Hypothalamic hamartomas (HH) are rare, benign (noncancerous) tumors of the hypothalamus, a region of your brain that regulates many of your body’s systems. Hypothalamic hamartomas affect people from infancy through adulthood and commonly cause seizures, precocious (early) puberty, hormonal imbalances, and cognitive and behavioral problems.
Hypothalamic hamartomas are usually diagnosed during evaluation of people for epilepsy or precocious puberty.
How common are hypothalamic hamartomas?
Hypothalamic hamartomas are very rare, with approximately one tumor occurring in every 200,000 people.
Who gets hypothalamic hamartomas?
Hypothalamic hamartomas form before birth and can occur in people of any gender or ethnicity.
How are hypothalamic hamartomas diagnosed?
Hypothalamic hamartomas are diagnosed by assessment of neurological symptoms, magnetic resonance imaging (MRI), and neurological tests. Early detection can improve the likelihood of successful treatment, especially for children who have worsening seizures or whose learning skills or behavior have begun to deteriorate.
MRI is used to locate a hypothalamic hamartoma and confirm the diagnosis. Hypothalamic hamartomas can be small and difficult to detect, so interpretation by a doctor that specializes in neuroradiology is desirable.
Electroencephalography (EEG) may also be used to identify seizure patterns that suggest a hypothalamic hamartoma
The symptoms of a hypothalamic hamartoma (HH) can include:
- Precocious (early) puberty
- Hormone imbalances
- Cognitive impairment
- Behavioral problems
- Emotional difficulties
Seizures caused by a hypothalamic hamartoma usually begin in infancy, most often as brief and frequent gelastic (or laughing) seizures. You may not be able to tell the difference between a gelastic seizure and normal laughter.
The difficulty in identifying gelastic seizures usually delays the diagnosis of epilepsy caused by a hypothalamic hamartoma. Doctors sometimes can have difficulty recognizing gelastic seizures because they are rare, and children affected by them generally develop normally.
Between the ages of four and 10 years old, you may notice the seizures becoming more disabling, with the emergence of different seizure types, such as:
- Complex partial seizures (diminished or altered consciousness with involuntary but coordinated movements)
- Generalized convulsions (involuntary shaking, twitching, and disorganized movements)
- Drop or atonic seizures (brief loss of muscle tone leading to falls)
In this stage, your child may display signs of progressive cognitive impairment, worsening school performance, and the following behavioral problems:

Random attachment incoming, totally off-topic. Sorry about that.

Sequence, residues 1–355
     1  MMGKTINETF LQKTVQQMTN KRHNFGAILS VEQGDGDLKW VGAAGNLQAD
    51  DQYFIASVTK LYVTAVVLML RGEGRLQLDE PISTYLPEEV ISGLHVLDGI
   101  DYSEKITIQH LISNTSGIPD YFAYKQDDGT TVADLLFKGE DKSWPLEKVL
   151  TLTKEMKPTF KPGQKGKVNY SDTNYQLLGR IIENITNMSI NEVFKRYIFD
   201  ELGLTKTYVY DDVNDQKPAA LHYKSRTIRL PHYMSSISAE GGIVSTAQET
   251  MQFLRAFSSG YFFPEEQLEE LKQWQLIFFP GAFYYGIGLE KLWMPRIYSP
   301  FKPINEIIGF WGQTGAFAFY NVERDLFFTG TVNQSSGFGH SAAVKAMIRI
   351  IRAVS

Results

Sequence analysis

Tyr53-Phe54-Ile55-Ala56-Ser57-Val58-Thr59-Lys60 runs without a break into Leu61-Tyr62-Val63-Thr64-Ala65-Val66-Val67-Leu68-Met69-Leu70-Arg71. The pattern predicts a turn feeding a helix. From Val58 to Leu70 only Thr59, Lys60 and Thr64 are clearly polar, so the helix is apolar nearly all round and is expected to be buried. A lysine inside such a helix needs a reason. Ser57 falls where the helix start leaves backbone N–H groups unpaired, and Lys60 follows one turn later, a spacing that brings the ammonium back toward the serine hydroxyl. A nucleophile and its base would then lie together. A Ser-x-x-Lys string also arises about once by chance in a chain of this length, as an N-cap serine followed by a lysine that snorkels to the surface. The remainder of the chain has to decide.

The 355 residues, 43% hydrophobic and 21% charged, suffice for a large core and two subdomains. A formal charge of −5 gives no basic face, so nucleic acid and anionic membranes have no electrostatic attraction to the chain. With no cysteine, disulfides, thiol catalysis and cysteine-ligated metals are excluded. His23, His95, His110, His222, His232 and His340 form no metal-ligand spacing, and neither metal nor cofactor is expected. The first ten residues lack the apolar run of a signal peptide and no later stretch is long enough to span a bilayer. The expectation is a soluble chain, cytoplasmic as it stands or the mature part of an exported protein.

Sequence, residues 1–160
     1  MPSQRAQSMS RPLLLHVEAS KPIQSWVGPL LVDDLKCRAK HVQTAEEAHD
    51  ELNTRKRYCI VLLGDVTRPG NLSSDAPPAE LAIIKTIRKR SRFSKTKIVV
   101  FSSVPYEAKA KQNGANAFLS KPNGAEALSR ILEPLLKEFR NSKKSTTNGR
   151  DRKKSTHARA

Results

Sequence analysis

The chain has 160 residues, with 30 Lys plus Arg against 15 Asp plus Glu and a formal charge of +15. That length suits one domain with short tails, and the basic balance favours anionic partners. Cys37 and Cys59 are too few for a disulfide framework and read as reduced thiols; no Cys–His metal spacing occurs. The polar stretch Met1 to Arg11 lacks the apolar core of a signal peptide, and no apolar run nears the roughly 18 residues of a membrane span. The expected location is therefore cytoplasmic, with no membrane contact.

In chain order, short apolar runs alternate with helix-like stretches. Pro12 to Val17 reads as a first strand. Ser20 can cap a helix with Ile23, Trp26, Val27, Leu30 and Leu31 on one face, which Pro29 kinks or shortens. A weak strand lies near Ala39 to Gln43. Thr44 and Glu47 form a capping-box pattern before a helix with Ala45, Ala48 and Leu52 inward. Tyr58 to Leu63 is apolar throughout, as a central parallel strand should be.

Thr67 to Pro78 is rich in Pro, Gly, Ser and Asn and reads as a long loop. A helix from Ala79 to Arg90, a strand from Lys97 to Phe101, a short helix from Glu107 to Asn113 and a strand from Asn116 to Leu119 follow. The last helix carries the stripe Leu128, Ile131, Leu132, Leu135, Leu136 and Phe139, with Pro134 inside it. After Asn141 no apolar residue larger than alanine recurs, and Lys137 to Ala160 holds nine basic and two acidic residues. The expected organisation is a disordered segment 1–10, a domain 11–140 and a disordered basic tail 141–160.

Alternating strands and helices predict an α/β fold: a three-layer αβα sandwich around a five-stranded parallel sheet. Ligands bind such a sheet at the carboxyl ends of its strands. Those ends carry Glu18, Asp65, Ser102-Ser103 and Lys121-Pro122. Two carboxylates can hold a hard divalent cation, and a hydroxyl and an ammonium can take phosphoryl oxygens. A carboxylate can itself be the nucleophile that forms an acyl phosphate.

- Rage attacks
- Social isolation
Some children with a hypothalamic hamartoma may have endocrine (hormonal) disturbances. Central precocious puberty (early puberty) is the most common sign of these disturbances, and may be the only symptom of hypothalamic hamartoma that your child has.
Not all people with a hypothalamic hamartoma have the same symptoms or the same age of onset. While you might notice gelastic seizures in your newborn, it is also possible that seizures will not develop until later in life. Seizures caused by a hypothalamic hamartoma generally do not respond to medication.
Please seek the help of a licensed medical professional if you are concerned about your health, and dial 9-1-1 if you are experiencing an emergency.
Our neurosurgeons at Barrow Neurological Institute at Dignity Health St. Joseph’s Hospital and Medical Center are one of just a few groups in the world with significant experience using the transcallosal approach to remove hypothalamic hamartomas. This approach uses the natural gap between the two hemispheres of your brain to create an avenue to access and remove the tumor.
We also use more traditional subtemporal or orbitozygomatic approaches if they offer the best chance of success. This surgery begins on the side of your head and passes under your brain and above the base of your skull to reach the lesion.
Less-invasive endoscopic surgery can be considered when the size and anatomical positioning of the lesion allows.
Laser Generated Stereotactic Thermoablation
Laser generated stereotactic thermoablation is a new minimally invasive technology that uses energy in the form of light to destroy tumors or damaged tissue. The energy from the laser causes the temperature of the target tissue—in this case a hypothalamic hamartoma—to rise, destroying it.
Computerized safety mechanisms automatically turn the laser off if it approaches brain tissue surrounding the tumor. Magnetic resonance images (MRI) are also used further improve the accuracy of the procedure and guide the placement of the laser.
Gamma Knife Radiosurgery
Gamma Knife radiosurgery uses many beams of radiation that converge on a single point to shrink tumors. Each individual beam is not powerful enough to destroy healthy tissue, but at the point where the beams meet sufficient energy is concentrated to destroy tumor cells.
- Date of last review: November 26, 2016